Archive for September, 2006

Whatever Happened to Modesty?

Monday, September 25th, 2006

Cathy, by Cathy Guisewite

The author/artist of *Cathy*, Cathy Guisewite, presents a picture of clothing styles that have become widely accepted. So often people in our culture will wear clothing originally meant as ranchwear, swimwear or sleepwear, and will wear this clothing to work, to school and to church. Often, this clothing involves top cleavage, tummy cleavage (tummy showing?) and rear cleavage, as the author also observes. Another interesting observation is that the one person seeking to dress [what I would consider] modestly and appropriately is the odd-man-out, and is viewed with amazement by others.

The Bible addresses the issue of modesty. The following verse deals particularly with women and the clothing they should wear: Likewise, {I want} women to adorn themselves with proper clothing, modestly and discreetly, not with braided hair and gold or pearls or costly garments,– I Timothy 2:9 (New American Standard Bible © 1995 Lockman Foundation).

I have heard teaching that modesty is a completely flexible thing, a subjective thing, and is to be considered within the context of what is culturally acceptable. Such teaching would only recommend that Christian women stay on the conservative side of whatever is popular.

I’m not quite sure how to articulate the thought, but I believe that there is such a thing as objective modesty. For one thing, the Bible does speak of certain parts of the body as being *less honourable* or *uncomely* (King James version of the Bible), or as *unpresentable* in the New King James version:

And those members of the body which we think to be less honorable, on these we bestow greater honor; and our unpresentable parts have greater modesty,– I Corinthians 12:23 (New King James Version © 1982 Thomas Nelson)

I especially like how it sounds in this version:

And the parts we regard as less honorable are those we clothe with the greatest care. So we carefully protect from the eyes of others those parts that should not be seen,– I Corinthians 12:23 (New Living Translation © 1996 Tyndale Charitable Trust) (Emphasis added)

Does anyone have some excellent, Biblical material to read on the subject of OBJECTIVE MODESTY? Thank you.

Everybody Knows That You are a Godly Woman

Sunday, September 24th, 2006


And now, my daughter, fear not; I will do to thee all that thou requirest: for all the city of my people doth know that thou art a virtuous woman. – Ruth 3:11 (Boaz speaking to Ruth the Moabitess) (Emphasis added.) (I think the artist gave Ruth too deep a neck-line, though. She probably should look more Arabic, too.)

Ruth the Moabitess came out of the land of Moab with her mother-in-law Naomi (an Israelitess from Bethlehem-judah) after the deaths of Ruth’s and Naomi’s husbands. Ruth was of a people abhorred by the Israelites, as we read in Nehemiah 13:1,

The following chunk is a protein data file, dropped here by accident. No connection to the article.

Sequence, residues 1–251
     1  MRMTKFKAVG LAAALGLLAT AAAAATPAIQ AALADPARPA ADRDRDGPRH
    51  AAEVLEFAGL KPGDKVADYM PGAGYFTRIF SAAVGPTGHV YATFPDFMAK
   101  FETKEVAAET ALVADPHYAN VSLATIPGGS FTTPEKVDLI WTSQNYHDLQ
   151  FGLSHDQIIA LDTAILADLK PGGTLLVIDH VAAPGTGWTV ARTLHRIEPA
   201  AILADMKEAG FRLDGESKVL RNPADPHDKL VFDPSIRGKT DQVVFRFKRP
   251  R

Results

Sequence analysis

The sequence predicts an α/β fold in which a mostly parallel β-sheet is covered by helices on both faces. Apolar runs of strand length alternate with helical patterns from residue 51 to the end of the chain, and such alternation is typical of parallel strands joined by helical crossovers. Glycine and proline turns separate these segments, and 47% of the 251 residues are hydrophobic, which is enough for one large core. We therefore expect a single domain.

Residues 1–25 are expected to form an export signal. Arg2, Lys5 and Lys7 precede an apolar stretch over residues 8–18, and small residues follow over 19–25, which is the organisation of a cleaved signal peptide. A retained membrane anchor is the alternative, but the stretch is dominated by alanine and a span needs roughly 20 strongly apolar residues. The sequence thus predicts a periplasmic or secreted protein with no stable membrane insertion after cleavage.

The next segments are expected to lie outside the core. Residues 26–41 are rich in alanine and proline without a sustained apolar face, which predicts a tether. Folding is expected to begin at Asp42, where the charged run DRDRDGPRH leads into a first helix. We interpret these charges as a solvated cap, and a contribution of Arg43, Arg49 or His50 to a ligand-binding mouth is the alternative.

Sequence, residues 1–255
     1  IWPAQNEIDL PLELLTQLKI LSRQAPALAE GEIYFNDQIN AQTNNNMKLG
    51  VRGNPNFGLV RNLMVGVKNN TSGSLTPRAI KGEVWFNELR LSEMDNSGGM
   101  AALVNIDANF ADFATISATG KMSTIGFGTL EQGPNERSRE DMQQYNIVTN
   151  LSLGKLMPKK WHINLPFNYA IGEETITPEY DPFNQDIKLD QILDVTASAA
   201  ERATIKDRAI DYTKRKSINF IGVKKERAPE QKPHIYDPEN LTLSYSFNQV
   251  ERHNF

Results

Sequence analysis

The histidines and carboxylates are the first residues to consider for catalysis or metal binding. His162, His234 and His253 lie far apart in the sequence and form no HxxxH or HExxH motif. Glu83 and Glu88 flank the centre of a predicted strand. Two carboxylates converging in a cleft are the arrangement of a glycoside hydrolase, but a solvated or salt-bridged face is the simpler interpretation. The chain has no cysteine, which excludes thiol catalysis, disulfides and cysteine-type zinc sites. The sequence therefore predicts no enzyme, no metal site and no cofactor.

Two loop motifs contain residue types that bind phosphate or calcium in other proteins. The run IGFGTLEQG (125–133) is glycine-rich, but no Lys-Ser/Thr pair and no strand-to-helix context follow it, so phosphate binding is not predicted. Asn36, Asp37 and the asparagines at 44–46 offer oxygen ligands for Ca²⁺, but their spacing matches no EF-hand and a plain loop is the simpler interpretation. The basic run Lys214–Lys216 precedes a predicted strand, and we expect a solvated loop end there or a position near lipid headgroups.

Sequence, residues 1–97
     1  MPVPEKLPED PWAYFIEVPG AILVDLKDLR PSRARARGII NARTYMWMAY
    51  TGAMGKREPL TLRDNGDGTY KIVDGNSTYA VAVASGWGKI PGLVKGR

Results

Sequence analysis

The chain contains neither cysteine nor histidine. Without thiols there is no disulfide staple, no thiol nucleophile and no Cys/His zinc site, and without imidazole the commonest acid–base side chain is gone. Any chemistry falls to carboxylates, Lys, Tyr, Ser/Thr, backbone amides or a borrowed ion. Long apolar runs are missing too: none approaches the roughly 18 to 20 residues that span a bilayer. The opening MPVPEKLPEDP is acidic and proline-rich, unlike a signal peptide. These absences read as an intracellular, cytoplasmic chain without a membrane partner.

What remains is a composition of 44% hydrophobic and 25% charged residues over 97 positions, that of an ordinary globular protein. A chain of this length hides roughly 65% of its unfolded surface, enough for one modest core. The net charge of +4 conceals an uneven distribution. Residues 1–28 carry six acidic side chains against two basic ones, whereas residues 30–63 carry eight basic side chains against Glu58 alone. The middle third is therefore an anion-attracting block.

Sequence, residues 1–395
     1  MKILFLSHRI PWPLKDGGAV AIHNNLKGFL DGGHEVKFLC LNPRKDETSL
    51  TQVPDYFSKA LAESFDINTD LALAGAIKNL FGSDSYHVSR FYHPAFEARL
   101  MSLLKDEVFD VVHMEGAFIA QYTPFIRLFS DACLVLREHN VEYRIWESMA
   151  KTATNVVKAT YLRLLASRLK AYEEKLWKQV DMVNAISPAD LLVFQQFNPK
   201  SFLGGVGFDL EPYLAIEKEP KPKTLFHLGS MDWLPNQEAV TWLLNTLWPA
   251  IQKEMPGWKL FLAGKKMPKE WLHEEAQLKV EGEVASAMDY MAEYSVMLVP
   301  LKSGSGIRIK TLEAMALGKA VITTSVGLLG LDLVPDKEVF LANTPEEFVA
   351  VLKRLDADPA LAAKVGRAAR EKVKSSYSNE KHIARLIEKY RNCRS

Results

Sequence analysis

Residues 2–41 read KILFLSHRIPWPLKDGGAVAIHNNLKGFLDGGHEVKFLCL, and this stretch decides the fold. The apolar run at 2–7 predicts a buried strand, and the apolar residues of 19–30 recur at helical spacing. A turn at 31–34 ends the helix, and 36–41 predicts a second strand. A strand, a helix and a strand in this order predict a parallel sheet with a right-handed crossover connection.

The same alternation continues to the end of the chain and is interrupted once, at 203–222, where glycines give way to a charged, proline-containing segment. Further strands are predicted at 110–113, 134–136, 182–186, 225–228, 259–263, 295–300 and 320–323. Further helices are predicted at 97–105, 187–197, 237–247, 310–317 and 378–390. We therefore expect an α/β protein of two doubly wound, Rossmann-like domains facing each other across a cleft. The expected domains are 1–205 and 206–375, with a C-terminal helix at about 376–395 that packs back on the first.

On that day they read in the book of Moses in the audience of the people; and therein was found written, that the Ammonite and the Moabite should not come into the congregation of God for ever.

This woman, Ruth, born of a hated, traditionally ungodly race, was so eminent in godliness, that Boaz said to her, “Everyone in the city knows what a virtuous woman you are.”

It seems that sometime during the time she was married to Naomi’s son, Ruth the Moabitess came to have a true faith in the Lord God of Israel. We read in Ruth 1:16,17 her words to her mother-in-law, Naomi,

And Ruth said, Intreat me not to leave thee, or to return from following after thee: for whither thou goest, I will go; and where thou lodgest, I will lodge: thy people shall be my people, and thy God my God: Where thou diest, will I die, and there will I be buried: the LORD do so to me, and more also, if ought but death part thee and me.” (Emphasis added.)

Boaz also testifies of Ruth, mentioning her godly works and her faith in God (Ruth 2:11,12):

And Boaz answered and said unto her, It hath fully been shewed me, all that thou hast done unto thy mother in law since the death of thine husband: and how thou hast left thy father and thy mother, and the land of thy nativity, and art come unto a people which thou knewest not heretofore. The LORD recompense thy work, and a full reward be given thee of the LORD God of Israel, under whose wings thou art come to trust. (Emphasis added.)

From these verses from the Book of Ruth, I glean the thought that Ruth’s virtue and godliness were evident to all who knew her. There was something OBSERVABLE in her words, her behavior, her manner of dress (modest – I Timothy 2:9), and her attitudes which led people to conclude, correctly, that she was a virtuous woman.

It sometimes happens that we become defensive when someone tries to talk to us about apparent ungodliness in our lives. Rather than measuring ourselves by God’s holy standards, it can be a temptation to reply to the one who is concerned, “You can’t know my heart. How do you know that I am [impure], [selfish], [vain], [proud], [divisive], [fill in this blank with some other observable sin]? Didn’t the Lord say, Judge not according to appearance?”

Judge not according to the appearance, but judge righteous judgment. – John 7:24.This verse does not condemn judgment of others, but unrighteous judgment of others. We must not be rash in judgment, nor make snap decisions based on very little evidence. The Lord, in His Word, says that we can know, to some degree, what is in our hearts and what is in the hearts of others, by that which is observable. Some verses which substantiate this statement follow: